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Case 1:11-cv-00318-LPS Document 332 Filed 04/12/16 Page 1 of 13 PageID #: 9292




Civ. No. 11-318-LPS




In April 2011, Plaintiff Walker Digital, LLC ("Plaintiff' or "Walker") filed a patent

infringement action against multiple defendants, including Google ("Defendant" or "Google").

(D.I. 1) On September 3, 2014, the Court found that Walker's asserted patents were invalid as
being directed to non-patentable subject matter and granted summary judgment in favor of
Google. (See D.I. 311, 312) On October 17, 2014, Google filed a Bill of Costs with the Clerk of
Court. (See D.I. 315, 316) Google sought recovery of $83,346.60. (See id. at 7)
On November 3, 2014, Walker filed an objection to $44,639.37 of Google's $83,346.60
request; Walker does not object to the other $43,707.23 of the request. (See D.I. 319 at 8) On
November 7, 2014, Google filed a Reply addressing Walker's objections and revising its request
to $83,140.10, in order "to account for the difference between the $307.50 for the file histories of
the two patents in suit that Google was charged by MicroPatent and the $110 that would have
been charged by the Patent Office." (D.I. 320 at 1)
On June 29, 2015, the Clerk of Court taxed costs in the amount of$2,91 l.31, denying the

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other $80.228.79 of Google's request for costs. (See D.1. 322) Presently before the Court is
Google's Motion for Review Taxation of Costs. (D.l. 323) The matter is fully briefed. (Sec D.l.
324. 327. 328) For the reasons set forth below. the Court will grant Google's motion.


"Federal Rule of Civil Procedure 54(d) gives courts the discretion to award costs to

prevailing parties: Taniguchi 1. Kan Pac. Saipan. Ltd.. 132 S.Ct. 1997. 2001 (2012). ln
particular. Rule 54(d)(I) provides: Unless a federal statute. these rules. or a court order provides
otherwise. costs - other than attorney's fees - should be allowed to the prevailing party. As the
Third Circuit has observed. "Rule 54(d)(1) uses the word costs as a term of art. rather than to
refer to all expenses a prevailing party may incur in a given action. In re Paoli R.R. ford PCB

Litig.. 221 F.3d 449. 457 (3d Cir. 2000).

The categories of costs that are taxable are established by statute: 28 U.S.C.

1920. a

statute to which the Supreme Court "'has accorded a narrow reading: Race Tires America. Inc.
r. Hoosier Racing Tire Corp .. 674 F.3d 158. 171 (3d Cir. 2012) (citing Fitting Co. v.

J. T. Gibbons inc.. 482 C .S. 437, 442 (1987). Section 1920 states. in full:
A judge or clerk of any court of the United States may tax as costs
the following:
(1) Fees of the clerk and marshal:

(2) Fees for printed or electronically recorded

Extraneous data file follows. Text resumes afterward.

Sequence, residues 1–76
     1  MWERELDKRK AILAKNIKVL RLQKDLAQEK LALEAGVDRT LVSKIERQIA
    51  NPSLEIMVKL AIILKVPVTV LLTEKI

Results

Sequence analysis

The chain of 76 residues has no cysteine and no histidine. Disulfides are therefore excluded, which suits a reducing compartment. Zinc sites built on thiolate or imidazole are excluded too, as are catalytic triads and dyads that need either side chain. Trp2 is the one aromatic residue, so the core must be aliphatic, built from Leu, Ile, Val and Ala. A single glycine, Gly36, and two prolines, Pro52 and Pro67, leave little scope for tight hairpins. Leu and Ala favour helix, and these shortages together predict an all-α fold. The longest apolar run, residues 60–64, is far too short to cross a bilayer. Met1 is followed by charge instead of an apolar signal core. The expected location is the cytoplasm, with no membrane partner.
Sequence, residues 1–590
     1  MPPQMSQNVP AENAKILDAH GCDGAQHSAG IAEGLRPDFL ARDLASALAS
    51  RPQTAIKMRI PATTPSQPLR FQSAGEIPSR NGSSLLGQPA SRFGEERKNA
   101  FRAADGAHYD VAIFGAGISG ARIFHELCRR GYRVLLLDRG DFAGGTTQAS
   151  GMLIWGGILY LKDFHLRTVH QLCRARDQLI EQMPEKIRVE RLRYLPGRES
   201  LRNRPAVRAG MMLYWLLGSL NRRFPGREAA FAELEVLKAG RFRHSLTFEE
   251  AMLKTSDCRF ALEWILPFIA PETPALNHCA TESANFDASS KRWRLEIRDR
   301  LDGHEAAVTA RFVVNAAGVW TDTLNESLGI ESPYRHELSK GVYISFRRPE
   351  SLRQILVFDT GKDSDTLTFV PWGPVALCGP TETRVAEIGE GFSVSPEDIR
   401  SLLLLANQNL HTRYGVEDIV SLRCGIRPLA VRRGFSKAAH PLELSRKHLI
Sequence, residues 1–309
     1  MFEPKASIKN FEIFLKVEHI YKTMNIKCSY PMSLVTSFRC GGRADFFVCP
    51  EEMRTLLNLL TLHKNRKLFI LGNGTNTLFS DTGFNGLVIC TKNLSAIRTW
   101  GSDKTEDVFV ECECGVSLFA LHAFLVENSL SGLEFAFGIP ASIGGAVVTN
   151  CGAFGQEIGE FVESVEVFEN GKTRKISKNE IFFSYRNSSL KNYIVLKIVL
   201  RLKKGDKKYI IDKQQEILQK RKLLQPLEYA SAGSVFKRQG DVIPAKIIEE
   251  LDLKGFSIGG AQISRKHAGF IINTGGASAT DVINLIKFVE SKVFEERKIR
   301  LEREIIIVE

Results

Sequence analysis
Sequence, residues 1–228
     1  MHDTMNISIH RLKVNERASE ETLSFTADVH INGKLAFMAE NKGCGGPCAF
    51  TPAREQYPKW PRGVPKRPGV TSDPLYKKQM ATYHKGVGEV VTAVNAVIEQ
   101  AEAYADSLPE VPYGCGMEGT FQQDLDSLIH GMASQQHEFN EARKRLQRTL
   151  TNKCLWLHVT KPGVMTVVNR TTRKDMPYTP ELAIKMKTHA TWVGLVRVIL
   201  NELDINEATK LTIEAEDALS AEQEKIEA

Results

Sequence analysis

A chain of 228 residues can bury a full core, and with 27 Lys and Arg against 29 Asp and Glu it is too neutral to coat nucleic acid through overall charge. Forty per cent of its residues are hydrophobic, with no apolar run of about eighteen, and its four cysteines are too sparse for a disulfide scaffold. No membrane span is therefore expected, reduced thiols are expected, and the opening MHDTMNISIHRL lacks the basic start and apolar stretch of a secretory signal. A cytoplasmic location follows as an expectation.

transcripts necessarily obtained for use in the case:
(3) Fees and disbursements for printing and witnesses:
(4) Fees for exemplification and the costs of making
copies of any materials where the copies are
necessarily obtained for use in the case;

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(5) Docket fees under section 1923 of this title:

(6) Compensation of court appointed experts.
compensation of interpreters. and salaries. foes.
expenses. and costs of special interpretation services
under section 1828 of this title.
A bill of costs shall he filed in the case and. upon allowance,
included in the jud.!:,.YIDent or decree.
ln the District of Delaware. Rule 54 and Section 1920 are supplemented by Local Rule
54.1. which provides additional guidance on taxable costs. Pursuant to D. Del. LR 54.1(a)(1 ).
"[ u)nless otherwise ordered by the Court. the prevailing party shall be entitled to costs. Local
Rule 54.1 directs prevailing parties to submit a bill of costs to the Clerk. who verifies the bill and
makes any necessary adjustments.
Together. Section 1920. Rule 54. and LR 54.1 create a '"strong presumption that costs
should be awarded to the prevailing party. Reger'" 1/ic 1Vemours Found., Inc .. 599 F.3d 285.
288 (3d Cir. 2010 ): see also Paoli. 221 F.3d at 462. 'Only if the losing party can introduce
evidence. and the district court can articulate reasons within the bounds of its equitable power,
should costs be reduced or denied to the prevailing party. Paoli. 22 l F .3d at 468. 'This is so
because the denial of such costs is akin to a penalty." Reger. 599 F.3d at 288. "Thus. if a district
court. within its discretion. denies or reduces a prevailing party"s award of costs. it must
articulate its reasons for doing so." Id
A consequence of the strong presumption that the prevailing party should be awarded its